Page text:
Here's another pretty picture of White Lake. Some of the triathlon athletes stepped of the walkway and bank on the far right of this picture and cooled themselves (and especially their legs) off in the lake. George wished he had brought his bathing suit along so he could've joined them. (He would have, too. George is a polar bear, for sure.)

Next, we headed toward Kelly, North Carolina, so that we could cross the Cape Fear River using the inland cable ferry, Elwell Ferry. The Wikipedia link for the Elwell Ferry tells some interesting history about Click here for a good shot 0f the ferry without a car on it.

Here's a picture of the ferry ride from inside my car!

After we left Kelly, George and I visited Elizabethtown, the county seat of Bladen County. We enjoyed Sunday lunch at a local spot after walking around downtown for a bit. It was a fun day trip!

The rest of my pictures from Bladen County are here.

Thursday, November 4, 2010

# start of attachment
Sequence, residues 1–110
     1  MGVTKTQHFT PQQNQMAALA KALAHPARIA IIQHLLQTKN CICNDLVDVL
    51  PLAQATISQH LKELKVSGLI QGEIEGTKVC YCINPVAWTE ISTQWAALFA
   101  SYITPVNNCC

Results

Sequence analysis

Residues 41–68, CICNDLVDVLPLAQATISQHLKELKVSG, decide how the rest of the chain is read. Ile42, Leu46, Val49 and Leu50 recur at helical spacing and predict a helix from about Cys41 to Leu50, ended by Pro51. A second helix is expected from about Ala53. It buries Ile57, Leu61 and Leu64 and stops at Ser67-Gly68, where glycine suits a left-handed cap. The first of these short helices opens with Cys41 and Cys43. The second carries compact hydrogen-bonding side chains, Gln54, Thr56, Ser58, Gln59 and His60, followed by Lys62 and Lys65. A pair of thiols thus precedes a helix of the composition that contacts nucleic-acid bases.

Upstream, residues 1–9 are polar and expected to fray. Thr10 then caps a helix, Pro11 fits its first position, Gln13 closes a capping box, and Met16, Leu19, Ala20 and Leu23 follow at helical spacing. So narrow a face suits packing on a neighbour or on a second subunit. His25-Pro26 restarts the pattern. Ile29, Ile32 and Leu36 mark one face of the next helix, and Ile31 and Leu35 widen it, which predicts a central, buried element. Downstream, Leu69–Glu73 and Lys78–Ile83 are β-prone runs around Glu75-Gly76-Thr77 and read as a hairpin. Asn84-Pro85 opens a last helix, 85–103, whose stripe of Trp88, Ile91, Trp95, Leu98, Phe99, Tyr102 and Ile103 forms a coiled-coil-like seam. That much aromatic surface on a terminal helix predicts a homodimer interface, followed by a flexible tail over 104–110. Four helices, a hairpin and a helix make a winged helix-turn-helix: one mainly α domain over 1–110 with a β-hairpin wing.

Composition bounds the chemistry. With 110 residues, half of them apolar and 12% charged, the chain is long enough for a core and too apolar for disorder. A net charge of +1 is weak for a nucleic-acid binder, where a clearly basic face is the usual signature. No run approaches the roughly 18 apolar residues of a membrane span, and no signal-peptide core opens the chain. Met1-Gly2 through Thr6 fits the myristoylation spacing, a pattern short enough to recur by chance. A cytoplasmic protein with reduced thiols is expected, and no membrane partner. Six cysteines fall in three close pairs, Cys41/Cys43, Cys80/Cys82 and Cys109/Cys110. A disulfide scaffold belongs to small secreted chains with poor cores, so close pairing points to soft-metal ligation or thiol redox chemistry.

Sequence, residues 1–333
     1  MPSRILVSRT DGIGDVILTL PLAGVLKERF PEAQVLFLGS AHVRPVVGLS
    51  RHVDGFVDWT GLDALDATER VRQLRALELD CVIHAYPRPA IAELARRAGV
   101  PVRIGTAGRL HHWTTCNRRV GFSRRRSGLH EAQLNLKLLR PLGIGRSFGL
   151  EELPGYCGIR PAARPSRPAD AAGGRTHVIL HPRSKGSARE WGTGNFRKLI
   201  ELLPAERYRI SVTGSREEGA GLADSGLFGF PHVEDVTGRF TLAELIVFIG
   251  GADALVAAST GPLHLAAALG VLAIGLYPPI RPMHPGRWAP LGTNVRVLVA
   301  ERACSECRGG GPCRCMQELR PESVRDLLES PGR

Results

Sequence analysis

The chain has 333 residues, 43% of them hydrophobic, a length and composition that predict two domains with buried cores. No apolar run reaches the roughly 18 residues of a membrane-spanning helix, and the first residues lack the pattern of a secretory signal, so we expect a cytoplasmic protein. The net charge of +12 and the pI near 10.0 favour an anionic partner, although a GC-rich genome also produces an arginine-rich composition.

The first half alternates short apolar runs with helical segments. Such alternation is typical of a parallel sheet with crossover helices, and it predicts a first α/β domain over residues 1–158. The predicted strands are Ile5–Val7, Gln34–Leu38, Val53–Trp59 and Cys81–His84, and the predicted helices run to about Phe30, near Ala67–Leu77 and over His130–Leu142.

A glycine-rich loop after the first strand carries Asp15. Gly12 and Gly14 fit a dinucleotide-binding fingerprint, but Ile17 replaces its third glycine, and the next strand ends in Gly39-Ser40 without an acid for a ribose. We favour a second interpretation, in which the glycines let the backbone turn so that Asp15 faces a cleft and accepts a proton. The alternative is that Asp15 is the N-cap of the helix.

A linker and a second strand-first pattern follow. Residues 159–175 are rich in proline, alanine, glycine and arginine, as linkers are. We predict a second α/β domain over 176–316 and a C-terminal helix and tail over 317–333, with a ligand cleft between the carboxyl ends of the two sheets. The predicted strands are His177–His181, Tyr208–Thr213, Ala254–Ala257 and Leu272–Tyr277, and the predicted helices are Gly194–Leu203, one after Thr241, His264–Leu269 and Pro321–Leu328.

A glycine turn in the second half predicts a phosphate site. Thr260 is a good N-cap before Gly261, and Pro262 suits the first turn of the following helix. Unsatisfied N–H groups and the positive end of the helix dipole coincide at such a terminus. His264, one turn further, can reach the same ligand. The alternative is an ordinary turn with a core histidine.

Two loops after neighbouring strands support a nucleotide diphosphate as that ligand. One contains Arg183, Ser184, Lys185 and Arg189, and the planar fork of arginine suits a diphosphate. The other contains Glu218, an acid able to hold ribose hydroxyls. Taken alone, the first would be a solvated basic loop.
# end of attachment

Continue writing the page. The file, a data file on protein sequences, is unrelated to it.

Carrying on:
Chad and Brad's 100-County Countdown

Here's a shoutout for my running friend Brad, and a challenge he and Chad have taken on that sounds like so much fun! They're RUNNING in every county in North Carolina! What a fun idea--I wish I'd thought of it! :D They're ahead of me in the county count, and they've written some fun race reports! Check it out at Chad and Brad's 100-County Countdown.

Meanwhile, I have SEVEN county posts to write and share here! It's been a busy, but fun and interesting couple of months! I'll be back soon with some pictures and posts.

Monday, September 6, 2010

Moore County

Cameron, my first stop in Moore County
I took a vacation day on Friday to make an extra long Labor Day Weekend, so I decided to head down to Moore County. It was a delightful trip! Moore County is home to Pinehurst, Southern Pines, and several other communities, and is best known for its golf courses, which have hosted the men's and women's U.S. Open golf tournaments. I'm not a golfer, but appreciate the beauty of a golf course, so I enjoyed riding through Moore County a lot!  In addition to the golf courses I passed along the way, I was also impressed by the big, tall pine trees lining some of the roads. I usually don't consider pine trees to be majestic, but there were some majestic pine trees in Moore County.
Part of Cameron Historic District

Since my photo formatting skills have gone to pot on this blog post, I'll be rambling a little bit here about my Moore County impressions: